December 30, 2016
Following the recent FDA approval of Spinraza (nusinersen; Biogen), the manufacturer has announced the treatment will cost patients with spinal muscular atrophy $750,000 for the first year of treatment, with additional annual treatment costs of $375,000.
Spinraza treats a rare spinal disorder in children and adults called spinal muscular atrophy (SMA). The pricing of the drug reflects the wholesale cost and currently does not account for discounts, insurance coverage, or rebates that might lower the out-of-pocket cost for patients. The cost for the first-year of treatment is higher because it requires six doses, compared to the three doses required annually thereafter.
Earlier this month when the FDA approved Biogen’s drug, many advocates such as the Muscular Dystrophy Association and Cure SMA supported the decision.
“Spinraza offers new hope for the SMA community and exemplifies our mission of applying cutting-edge science to make a meaningful difference in the lives of patients with devastating, life-altering diseases,” George A Scangos, PhD, chief executive officer at Biogen, said in a press release. “We are humbled and grateful for the commitment of the patients and families who participated in the Spinraza clinical trial program, the tireless efforts of our investigators, and the urgency demonstrated by the FDA in rapidly reviewing and approving this treatment.”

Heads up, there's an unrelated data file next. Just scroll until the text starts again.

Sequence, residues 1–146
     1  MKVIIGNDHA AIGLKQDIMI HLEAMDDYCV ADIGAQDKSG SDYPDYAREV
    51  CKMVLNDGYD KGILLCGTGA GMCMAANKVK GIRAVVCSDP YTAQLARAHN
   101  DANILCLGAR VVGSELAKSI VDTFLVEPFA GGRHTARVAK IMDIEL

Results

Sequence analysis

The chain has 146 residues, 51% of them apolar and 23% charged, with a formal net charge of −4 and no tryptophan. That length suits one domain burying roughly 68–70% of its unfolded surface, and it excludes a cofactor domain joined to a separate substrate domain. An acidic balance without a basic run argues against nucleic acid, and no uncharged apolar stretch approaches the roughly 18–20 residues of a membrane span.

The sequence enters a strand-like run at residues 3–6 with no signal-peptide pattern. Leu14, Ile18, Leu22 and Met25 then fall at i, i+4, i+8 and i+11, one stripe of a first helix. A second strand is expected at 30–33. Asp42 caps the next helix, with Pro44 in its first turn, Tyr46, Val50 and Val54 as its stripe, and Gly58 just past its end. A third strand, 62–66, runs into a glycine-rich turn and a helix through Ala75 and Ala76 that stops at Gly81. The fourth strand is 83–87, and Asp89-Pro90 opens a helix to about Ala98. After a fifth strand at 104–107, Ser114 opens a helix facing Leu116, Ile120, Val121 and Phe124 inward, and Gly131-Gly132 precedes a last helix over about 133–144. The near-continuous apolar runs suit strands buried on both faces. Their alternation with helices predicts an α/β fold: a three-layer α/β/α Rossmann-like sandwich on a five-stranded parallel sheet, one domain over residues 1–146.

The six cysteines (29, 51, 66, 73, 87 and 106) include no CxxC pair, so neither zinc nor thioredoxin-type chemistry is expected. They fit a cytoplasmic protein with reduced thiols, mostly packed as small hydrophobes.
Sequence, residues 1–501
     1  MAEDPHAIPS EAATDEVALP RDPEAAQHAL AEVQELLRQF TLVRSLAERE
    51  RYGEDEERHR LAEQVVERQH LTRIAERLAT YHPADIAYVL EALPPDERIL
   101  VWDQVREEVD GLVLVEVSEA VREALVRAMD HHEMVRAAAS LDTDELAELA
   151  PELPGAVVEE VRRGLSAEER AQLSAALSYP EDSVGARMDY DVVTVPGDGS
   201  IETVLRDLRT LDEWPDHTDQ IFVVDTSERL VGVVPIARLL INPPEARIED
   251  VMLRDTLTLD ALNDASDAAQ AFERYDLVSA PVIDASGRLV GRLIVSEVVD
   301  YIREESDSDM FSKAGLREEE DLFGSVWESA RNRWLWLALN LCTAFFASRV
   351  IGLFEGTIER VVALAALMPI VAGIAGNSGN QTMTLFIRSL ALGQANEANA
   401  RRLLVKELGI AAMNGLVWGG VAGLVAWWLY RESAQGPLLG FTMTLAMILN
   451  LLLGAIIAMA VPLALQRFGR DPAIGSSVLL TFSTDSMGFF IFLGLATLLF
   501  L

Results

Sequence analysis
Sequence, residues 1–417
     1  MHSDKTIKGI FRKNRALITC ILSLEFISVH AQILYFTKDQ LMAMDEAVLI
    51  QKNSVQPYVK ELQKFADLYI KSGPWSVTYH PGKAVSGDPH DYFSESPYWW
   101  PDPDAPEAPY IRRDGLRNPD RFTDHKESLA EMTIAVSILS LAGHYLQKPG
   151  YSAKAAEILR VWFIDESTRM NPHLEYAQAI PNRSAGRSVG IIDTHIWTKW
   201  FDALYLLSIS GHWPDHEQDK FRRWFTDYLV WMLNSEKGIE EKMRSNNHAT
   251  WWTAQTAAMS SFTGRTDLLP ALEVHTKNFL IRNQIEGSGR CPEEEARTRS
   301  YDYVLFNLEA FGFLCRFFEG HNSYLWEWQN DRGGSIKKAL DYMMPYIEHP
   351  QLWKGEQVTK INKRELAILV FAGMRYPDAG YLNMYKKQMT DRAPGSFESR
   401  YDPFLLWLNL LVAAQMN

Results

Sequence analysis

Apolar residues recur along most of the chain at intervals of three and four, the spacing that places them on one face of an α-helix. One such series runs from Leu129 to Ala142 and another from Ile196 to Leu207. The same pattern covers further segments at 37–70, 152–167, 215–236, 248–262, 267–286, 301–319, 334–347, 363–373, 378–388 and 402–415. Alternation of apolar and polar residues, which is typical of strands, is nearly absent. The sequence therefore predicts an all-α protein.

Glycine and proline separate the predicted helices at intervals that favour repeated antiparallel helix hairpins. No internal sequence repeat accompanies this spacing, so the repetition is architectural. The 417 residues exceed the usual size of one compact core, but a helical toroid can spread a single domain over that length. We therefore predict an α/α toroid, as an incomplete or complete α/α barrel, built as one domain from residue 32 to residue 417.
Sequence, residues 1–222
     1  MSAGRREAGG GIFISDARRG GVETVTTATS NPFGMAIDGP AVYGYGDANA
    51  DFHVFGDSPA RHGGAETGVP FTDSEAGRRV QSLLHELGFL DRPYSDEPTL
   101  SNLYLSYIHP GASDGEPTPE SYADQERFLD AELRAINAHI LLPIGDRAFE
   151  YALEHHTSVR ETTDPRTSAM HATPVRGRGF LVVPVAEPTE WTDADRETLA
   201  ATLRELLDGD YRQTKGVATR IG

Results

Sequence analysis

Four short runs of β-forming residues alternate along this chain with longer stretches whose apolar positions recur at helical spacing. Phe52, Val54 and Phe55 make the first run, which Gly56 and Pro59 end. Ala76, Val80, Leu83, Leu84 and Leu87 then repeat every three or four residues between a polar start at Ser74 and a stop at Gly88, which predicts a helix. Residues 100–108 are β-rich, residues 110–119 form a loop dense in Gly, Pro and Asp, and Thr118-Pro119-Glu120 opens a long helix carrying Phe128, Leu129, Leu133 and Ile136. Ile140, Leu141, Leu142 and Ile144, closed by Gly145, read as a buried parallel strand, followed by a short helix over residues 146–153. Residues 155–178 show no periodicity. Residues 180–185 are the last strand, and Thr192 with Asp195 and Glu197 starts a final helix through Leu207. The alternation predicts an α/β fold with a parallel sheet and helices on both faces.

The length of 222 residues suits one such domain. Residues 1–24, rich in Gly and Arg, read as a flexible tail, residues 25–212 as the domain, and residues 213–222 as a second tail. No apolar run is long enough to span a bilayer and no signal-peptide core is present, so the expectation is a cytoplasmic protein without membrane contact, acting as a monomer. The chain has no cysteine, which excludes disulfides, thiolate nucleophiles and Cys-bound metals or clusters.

Despite positive remarks from Biogen and its supporters, it is expected that patients, insurers, and lawmakers will likely question the cost of the drug, and how the company set its price.
Typically, pharmaceutical companies faced with drug pricing controversy argue that the high price tags are necessary to offset the costs of research and development for the drug in question. Analysts predict Spinraza will likely cost billions to treat patients, and it is expected that Biogen will book at least $1 billion annually following the drugs release.